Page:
The quote is from Einstein's memoriam on the death of Ernst Mach and the last sentence in your quote is mine. Einstein's words are a solemn reminder that what we "know" must be re-evaluated regularly lest we waste our time and energy pursuing courses of action that are without merit. When observations can no longer be reconciled with theory, theory must be revised because the Universe cannot be revised to conform to theory. I believe that if Einstein had known about the flat rotation curves of spiral galaxies and the excess lensing and gravitational binding of clusters, his formulation of GR would have been very different. I doubt that he would have invented invisible, undetectable, exotic matter to make up the shortfall. He was a pragmatic man.
 
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  • #32
27
0
In my personal experience, understanding of the scientific process and the symbiotic relationship shared by theory and experiment only really came once I started my own experimental work. True learning in this regard comes with "drawing your own map" as it were, rather than following one written by somebody else - which is the case for most teaching labs.

While I agree with most of the points made in this thread, I believe that experience in designing and carrying out your own experiences is the only way to get a full appreciation of the role of theory and experiments in physics
Claude.
Yes, sir, Claude Bile, I could not agree more. While I have been discussing (what I believe to be) the importance of experimentation in Physics education, I forgot to mention that there is nothing like personal experience. There is nothing like self-motivated students who perform their own science experiments by either buying their own materials, or by getting their teacher's permission to use the school laboratory. I was a professional small engine mechanic and owned a repair shop for 5 years before I decided to go to college and study both engineering and physics. Because of my background, I really understand and appreciate the need for personal experience and self-motivation. As Claude Bile said, the need for "drawing your own map".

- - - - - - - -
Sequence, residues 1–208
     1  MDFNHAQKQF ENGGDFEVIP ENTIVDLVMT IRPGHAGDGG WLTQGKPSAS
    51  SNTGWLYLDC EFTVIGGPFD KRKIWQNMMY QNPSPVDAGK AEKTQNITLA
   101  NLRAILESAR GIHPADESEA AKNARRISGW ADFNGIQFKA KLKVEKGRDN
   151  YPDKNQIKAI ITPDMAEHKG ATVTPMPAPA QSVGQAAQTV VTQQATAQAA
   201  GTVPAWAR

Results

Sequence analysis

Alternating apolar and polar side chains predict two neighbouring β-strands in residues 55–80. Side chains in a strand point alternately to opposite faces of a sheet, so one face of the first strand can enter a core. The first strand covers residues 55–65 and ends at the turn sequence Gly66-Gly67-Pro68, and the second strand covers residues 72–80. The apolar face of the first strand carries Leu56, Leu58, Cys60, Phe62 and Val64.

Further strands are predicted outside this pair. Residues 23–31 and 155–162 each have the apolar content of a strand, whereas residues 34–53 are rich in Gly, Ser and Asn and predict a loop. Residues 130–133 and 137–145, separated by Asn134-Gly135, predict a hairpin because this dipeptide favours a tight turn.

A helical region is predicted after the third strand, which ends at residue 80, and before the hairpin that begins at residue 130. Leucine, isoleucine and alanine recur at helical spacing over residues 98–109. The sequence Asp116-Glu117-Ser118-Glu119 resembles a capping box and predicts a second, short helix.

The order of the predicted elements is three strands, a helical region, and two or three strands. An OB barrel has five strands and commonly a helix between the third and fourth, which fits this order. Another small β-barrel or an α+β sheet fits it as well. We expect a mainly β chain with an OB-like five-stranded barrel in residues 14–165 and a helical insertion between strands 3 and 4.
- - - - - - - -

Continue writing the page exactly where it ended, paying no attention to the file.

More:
After my second year in college, I realized that I needed to get some basic physics supplies. I bought some meters sticks and some mass sets, as well as a few other basics. I didn't spend more than seventy dollars, but I can do a lot of mechanics experiments with just the supplies I currently have. No static electricity supplies yet, but I'm working on that.

Sorry if this sounds rude, but: Considering that a good quality meter stick costs less than three dollars brand new, if you don't own one (unless you spend so much time in the school lab that you don't need one) after two years of being a Physics major, you need to switch your major to Mathematics, because you're obviously satisfied with orderly systems that "make sense" and are not concerned about experimental evidence. Not everything that "makes sense" is right. Sometimes our own intuition and common sense will lie to us; I have seen it happen many times when students try to solve statics and dynamics problems, their common sense misleads them and they forget about thinking in terms of observed physical principles.
 
  • #33
Fra
3,100
145
It's too bad that there isn't more funding for Independent (outside the world of the academia follow-the-leader) research for those wanting to do actual experimenting.

---------------------------------
like the Gravity Research Foundation (independent researcher's papers are accepted for grants, for example--

(from what I see 99.9999% of all grants have to go to a sponsored academic setting)
It did strike me that I wonder if this makes the best selection of individual researchers? I mean, someone with deviating ideas, unwilling to compromise would not be selected because he might be "counterproducide" to the team by trying to make they all change direction. The question is if those who willingly aligning are those who are best fit to come up with new groundbreaking thinking?

I guess research is alot of "work", where you need educated professionals, engineers, technicians and every other professions as well! But there is also the element of new ideas, that initiates the first step in a new radical direction. Where are the "professional" out of the box thinkers? Do you take an education and get a degree in out of the box thinking? ;) Or were do we find these people?